Cameron LNG Partners to Develop US Carbon Sequestration Project
The effort to develop one of the first large, industrial carbon sequestration projects is moving forward in southern Louisiana. The proposed Hackberry Carbon Sequestration would be located nearby the Cameron LNG facility supporting the facility as well as other receiving carbon from other sources in the region.
The Cameron LNG liquefaction production and LNG export facility came online in 2019 and continues to work to expand its operations to meet the demand for LNG. The project was developed in a partnership between TotalEnergies, Sempra Infrastructure, Mitsui & Co., and Mitsubishi Corporation, along with participation from NYK Line. Recently, the companies announced that they were continuing to plan for the expansion of the facility which will further grow the U.S.’s lead as the top global exporter of LNG. In addition to the fourth train, the four partners from Cameron announced today that they have signed a participation agreement for the development of the proposed carbon project.
"We are excited to advance the development of the Hackberry Carbon Sequestration project to help Cameron LNG produce cleaner LNG for its customers," said Justin Bird, CEO of Sempra Infrastructure. "This project is expected to be among the first North American carbon capture facilities designed to receive and store CO2 from multiple sources, and our goal is for this facility to set the gold standard for safe and permanent CO2 storage."
The participation agreement contemplates that the combined Cameron LNG Phase 1 and proposed Phase 2 export projects would potentially serve as the anchor source for the capture and sequestration of carbon dioxide (CO2) by the Hackberry project. It also provides the basis for the parties to enter into a joint venture for the project.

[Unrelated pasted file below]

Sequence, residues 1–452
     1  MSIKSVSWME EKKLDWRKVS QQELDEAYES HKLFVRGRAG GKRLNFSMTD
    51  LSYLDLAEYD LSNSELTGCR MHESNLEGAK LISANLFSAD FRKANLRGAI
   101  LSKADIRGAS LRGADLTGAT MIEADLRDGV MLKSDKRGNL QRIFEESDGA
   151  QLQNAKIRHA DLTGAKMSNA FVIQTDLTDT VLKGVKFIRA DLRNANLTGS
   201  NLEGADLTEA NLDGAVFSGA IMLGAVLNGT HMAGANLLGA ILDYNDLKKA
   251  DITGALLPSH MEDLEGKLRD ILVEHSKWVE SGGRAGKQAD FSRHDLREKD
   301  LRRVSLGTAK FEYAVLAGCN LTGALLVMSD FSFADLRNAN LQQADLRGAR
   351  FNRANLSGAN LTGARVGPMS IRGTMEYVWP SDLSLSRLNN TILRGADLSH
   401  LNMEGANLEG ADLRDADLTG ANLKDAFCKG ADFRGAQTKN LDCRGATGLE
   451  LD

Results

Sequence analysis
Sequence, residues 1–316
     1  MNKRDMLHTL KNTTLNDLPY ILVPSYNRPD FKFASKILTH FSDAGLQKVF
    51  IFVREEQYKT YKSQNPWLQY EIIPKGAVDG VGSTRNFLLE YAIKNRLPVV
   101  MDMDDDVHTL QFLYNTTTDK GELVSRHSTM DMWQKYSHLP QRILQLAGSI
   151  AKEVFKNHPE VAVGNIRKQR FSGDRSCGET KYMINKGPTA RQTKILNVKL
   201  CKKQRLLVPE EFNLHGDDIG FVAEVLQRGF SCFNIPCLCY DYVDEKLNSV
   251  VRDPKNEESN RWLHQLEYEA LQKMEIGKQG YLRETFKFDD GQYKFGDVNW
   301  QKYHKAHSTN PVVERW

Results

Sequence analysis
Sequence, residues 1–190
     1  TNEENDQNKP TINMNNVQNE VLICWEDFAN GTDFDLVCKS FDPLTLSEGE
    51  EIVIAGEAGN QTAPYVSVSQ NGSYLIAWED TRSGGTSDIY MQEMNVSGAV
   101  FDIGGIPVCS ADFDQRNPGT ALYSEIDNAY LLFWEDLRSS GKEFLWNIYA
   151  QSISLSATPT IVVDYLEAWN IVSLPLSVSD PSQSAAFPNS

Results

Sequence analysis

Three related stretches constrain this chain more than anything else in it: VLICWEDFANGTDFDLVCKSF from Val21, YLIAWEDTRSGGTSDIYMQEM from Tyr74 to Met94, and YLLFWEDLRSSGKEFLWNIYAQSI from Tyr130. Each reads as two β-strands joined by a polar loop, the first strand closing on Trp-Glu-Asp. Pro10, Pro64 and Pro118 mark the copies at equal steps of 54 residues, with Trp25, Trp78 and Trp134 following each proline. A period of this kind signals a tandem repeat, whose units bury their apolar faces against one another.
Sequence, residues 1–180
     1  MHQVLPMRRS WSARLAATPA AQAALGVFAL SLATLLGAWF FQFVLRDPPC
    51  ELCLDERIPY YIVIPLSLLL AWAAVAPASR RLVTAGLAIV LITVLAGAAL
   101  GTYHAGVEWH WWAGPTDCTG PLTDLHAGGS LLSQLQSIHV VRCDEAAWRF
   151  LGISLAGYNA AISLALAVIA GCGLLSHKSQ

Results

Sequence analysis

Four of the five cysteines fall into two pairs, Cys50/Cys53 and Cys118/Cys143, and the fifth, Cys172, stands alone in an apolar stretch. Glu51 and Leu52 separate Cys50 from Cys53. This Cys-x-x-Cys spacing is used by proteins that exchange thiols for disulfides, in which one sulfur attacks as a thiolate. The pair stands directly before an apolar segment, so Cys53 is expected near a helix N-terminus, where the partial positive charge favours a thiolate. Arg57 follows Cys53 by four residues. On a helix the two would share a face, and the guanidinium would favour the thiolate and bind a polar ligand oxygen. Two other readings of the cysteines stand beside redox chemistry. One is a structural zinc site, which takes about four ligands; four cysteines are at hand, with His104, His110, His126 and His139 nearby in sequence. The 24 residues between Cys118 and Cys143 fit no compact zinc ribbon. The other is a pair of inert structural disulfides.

Last year, the Hackberry Carbon Sequestration project filed an application for a Class VI Injection well permit from the U.S. Environmental Protection Agency for permanent storage of up to two million tons annually of CO2. It was the first application for carbon capture and storage filed with the EPA in Louisiana and seen as a key step in the development of the new industry for the state.
The concept calls for capturing the CO2 in removal units that would then be dehydrated and compressed for transportation. It would be moved a little mover six miles by pipeline to Hackberry. There, using an injection well, it would be permanently stored in a saline aquifer.
Development of the Hackberry Carbon Sequestration project remains subject to definitive agreements, obtaining the necessary permits, and all partners reaching a final investment decision.